2013 Southern Cross Race Report
1st place overall! Thomas Turner dropped me about halfway up the first climb, but I ended up catching him again just before the start of the final descent (35 miles later) before he dropped me again on the descent. He had a good 20 second lead by the bottom of the descent, but I was able to catch him again on the steep rollers back on the road. I attacked on the last steep hill, got a small separation, and then drilled it as hard as I could on the final drag back to the winery. It was just enough so that I could make it through the winery and still hold onto win!
Annotated heartrate/elevation/speed plot (click to enlarge)
Heartrate zone/time/avg speed summary
Strava course segment comparison
The heartrate/elevation/speed data above pretty much tells the race, but here is how the race played out with as many details as I can remember. It was cold at the start with temps hovering around freezing and expected to stay there all day. By the top of the first climb, there was fresh snow (just light dusting) on the dirt road with some ice and slush in some of the ditches alongside the road. One glimpse towards the top of Springer Mountain, and you could see all the trees dusted with snow and shining bright white. At about that same time, it started to snow again — just some light flakes but enough to make it epic.
But back to the start — the opening cyclocross course was more difficult this year with some slick sections that seemed to slow everybody down. Some mud and a little bit of ruts made the opening cyclocross course tricky, only Thomas Turner (Jamis) was able to ride the run-up, but even then his rear wheel was slipping so he wasn’t able to get away from the rest of us who were running. Leaving the winery, we were straight into a stiff headwind and I was able to chase onto a group of about 15-20 riders including: Thomas, Garth Prosser, Gerry Pflug (racing singlespeed this year), Michael Simonson, Jerry DuFour, James Monk, and maybe 10 other guys. I looked back just before we made the left turn off of Hightower about 3 miles into the race, and there was a second larger group of maybe 20-30 riders only a few seconds back. Once we made that left, though, Thomas drilled it and I knew that there was no worry about the second group catching back up to ours. Thomas stayed on the front the entire time with Michael, Garth, and I taking turns trying to hold his wheel through the steep rollers.
Pretty soon there was just five of us left at the front: Thomas, Garth, Michael Simonson, Jerry Dufour (from Birmingham!), and me. This probably would have been the Top 5 for the race, but Jerry double flatted. Thomas set a brutal pace whittling the group down to just me, Jerry, and Michael. Then about halfway up the climb, Thomas hit one of the steep sections hard, and in short succession Jerry, Michael, and I all came off. This made for a lonely race because we didn’t come off at the same time (maybe spaced a couple minutes apart?). I quickly lost sight of Thomas, and he had 3 minutes by the top of the climb (time split from the aid station volunteers).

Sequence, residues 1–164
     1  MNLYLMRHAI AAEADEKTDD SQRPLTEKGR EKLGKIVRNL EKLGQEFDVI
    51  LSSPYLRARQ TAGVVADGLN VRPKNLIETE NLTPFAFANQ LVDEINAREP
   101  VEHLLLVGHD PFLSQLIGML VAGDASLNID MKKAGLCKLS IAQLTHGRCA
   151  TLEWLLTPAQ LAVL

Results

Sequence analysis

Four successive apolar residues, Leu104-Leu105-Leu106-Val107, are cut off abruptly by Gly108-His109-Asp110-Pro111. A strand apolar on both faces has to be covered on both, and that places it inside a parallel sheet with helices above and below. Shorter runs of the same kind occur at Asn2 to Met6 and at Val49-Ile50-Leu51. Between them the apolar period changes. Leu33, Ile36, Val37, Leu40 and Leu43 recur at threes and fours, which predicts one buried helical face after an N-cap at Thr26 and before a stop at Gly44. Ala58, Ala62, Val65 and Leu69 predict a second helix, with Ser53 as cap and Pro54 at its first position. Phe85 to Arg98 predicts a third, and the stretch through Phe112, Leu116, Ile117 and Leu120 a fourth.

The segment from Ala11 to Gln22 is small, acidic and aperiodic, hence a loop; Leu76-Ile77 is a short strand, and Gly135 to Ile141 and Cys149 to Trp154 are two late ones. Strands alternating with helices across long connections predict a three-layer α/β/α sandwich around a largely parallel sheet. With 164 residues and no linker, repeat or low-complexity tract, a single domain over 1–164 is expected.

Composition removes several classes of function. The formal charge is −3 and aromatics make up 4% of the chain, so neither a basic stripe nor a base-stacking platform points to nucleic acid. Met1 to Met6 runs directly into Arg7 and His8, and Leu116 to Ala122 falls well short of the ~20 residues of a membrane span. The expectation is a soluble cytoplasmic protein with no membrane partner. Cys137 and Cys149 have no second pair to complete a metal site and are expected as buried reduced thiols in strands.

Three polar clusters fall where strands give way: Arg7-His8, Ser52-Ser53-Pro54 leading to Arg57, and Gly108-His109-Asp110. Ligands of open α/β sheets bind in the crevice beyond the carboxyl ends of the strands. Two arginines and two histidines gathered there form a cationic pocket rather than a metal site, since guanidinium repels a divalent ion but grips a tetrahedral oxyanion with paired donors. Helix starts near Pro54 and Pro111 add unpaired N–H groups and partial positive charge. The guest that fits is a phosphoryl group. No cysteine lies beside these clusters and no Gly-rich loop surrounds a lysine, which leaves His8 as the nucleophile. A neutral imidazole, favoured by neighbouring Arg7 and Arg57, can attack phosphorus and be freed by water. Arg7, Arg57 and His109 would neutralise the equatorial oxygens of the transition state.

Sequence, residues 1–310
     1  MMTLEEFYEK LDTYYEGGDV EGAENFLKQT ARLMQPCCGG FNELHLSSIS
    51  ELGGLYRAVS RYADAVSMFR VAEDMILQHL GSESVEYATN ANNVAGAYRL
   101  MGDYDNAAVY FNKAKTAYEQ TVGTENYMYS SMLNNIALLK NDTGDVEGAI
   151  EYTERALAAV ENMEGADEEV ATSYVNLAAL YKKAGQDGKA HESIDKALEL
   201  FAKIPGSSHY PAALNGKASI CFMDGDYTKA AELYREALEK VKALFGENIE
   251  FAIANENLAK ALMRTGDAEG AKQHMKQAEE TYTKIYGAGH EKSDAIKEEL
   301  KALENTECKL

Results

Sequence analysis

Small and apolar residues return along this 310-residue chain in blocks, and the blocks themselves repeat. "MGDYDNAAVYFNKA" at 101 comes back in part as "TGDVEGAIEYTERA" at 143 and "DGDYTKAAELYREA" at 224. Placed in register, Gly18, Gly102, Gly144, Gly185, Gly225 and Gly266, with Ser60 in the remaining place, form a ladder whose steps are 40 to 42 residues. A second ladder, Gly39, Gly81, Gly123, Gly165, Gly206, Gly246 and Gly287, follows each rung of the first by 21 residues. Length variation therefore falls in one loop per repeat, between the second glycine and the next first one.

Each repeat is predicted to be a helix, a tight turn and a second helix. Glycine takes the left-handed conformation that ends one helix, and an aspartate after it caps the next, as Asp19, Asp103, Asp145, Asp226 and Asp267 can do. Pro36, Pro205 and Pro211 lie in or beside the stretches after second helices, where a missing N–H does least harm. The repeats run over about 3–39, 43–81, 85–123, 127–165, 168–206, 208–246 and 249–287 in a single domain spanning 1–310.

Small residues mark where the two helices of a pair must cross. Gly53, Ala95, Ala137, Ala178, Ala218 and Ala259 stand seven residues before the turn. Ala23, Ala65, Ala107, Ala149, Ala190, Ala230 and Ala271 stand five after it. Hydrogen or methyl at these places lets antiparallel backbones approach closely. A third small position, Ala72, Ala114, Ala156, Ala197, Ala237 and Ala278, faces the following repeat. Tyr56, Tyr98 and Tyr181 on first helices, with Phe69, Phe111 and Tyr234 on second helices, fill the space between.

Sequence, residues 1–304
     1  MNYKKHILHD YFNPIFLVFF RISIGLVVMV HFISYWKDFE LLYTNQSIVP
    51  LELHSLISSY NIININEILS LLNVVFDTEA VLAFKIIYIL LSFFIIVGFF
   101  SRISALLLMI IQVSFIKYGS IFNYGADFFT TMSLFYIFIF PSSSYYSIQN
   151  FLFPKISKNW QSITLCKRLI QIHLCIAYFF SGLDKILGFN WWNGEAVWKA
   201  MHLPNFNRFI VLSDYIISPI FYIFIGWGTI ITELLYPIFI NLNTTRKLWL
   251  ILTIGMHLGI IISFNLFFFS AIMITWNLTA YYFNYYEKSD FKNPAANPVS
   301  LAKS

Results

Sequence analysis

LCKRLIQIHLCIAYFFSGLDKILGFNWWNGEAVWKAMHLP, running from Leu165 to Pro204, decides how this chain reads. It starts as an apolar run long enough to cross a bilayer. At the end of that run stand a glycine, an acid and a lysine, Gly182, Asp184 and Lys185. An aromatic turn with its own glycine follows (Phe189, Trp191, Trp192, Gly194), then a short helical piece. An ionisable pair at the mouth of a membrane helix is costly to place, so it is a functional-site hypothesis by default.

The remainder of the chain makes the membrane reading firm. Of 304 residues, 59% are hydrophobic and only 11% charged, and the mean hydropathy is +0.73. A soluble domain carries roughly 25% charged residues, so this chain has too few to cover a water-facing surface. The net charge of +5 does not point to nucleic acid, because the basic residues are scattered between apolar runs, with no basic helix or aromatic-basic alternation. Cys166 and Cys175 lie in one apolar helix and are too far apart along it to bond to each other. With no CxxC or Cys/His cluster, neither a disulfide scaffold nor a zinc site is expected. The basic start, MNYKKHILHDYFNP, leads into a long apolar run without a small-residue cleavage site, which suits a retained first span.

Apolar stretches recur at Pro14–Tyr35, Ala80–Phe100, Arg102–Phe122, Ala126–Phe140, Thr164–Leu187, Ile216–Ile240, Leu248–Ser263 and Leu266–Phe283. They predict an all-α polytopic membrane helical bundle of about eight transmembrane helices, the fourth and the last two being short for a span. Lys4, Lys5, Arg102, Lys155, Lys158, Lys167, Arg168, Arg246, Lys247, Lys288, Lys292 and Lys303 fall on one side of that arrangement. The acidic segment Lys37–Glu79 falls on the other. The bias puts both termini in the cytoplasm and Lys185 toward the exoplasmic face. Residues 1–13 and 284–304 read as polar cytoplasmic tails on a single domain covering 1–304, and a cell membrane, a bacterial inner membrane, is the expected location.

Snow, ice, and mud across the top of Springer Mountain made for a tentative descent — even though the descent itself was mostly dry. I started to feel better by the Cooper Gap climb and settled into a good rhythm on the climb, which basically consisted of hard tempo on the flatter sections and then standing up and drilling the steep sections. Fortunately, it was smooth enough that I could lock out the front suspension and torque on the bars pretty good to aid the standing up sections. The farther I got up the climb, the more I was realizing that there wasn’t anybody catching me. So this gave me a lot of motivation to push it hard to the top of the climb. Going through the aid station, I drilled it again through the rollers and still felt good through the next rollers, where I have felt pretty bad in previous years.
Then at the bottom of the first steep step of the descent (see heartrate/elevation plot), I flew into the next steep climb and could see Thomas about 3/4 of the way up it — maybe less than a minute ahead!!! I drilled it up this climb and nearly blew myself up in the process as my legs were screaming by the top. Fortunately, there was a long downhill before the next steep roller, and I settled into a more reasonable rhythm on this second climb and caught Thomas at the very top. Even on his cross bike (with me on my mountain bike), he dropped me on the long descent and had a good 15-20 second lead by the time we hit the pavement. I was able to catch him again on one of the last rollers before the sharp turn, narrow road, and steep paved climb. I attacked on the steep climb knowing that I would need a good lead going into the winery if I was to have any shot at winning. I got a little bit of separation, but he was still right there (only a few seconds back) as I turned onto Hightower.
I had been psyching myself up to try and ride the final run-up, but there was a car that got in my way driving slowly down to the run-up so I didn’t have any momentum and decided to just run up it. By the top, Thomas still hadn’t reached the bottom so I felt much better about my chances to hold on. Still, I kept expecting him to come flying by at any moment so I didn’t let up until all the way up the final steep grassy climb across the ditch and then onto the pavement for the last tenth of a mile to the line! So happy to win Southern Cross … that also makes for a nice odd mathematical progression of 5th in 2011, 3rd in 2012, and 1st in 2013!
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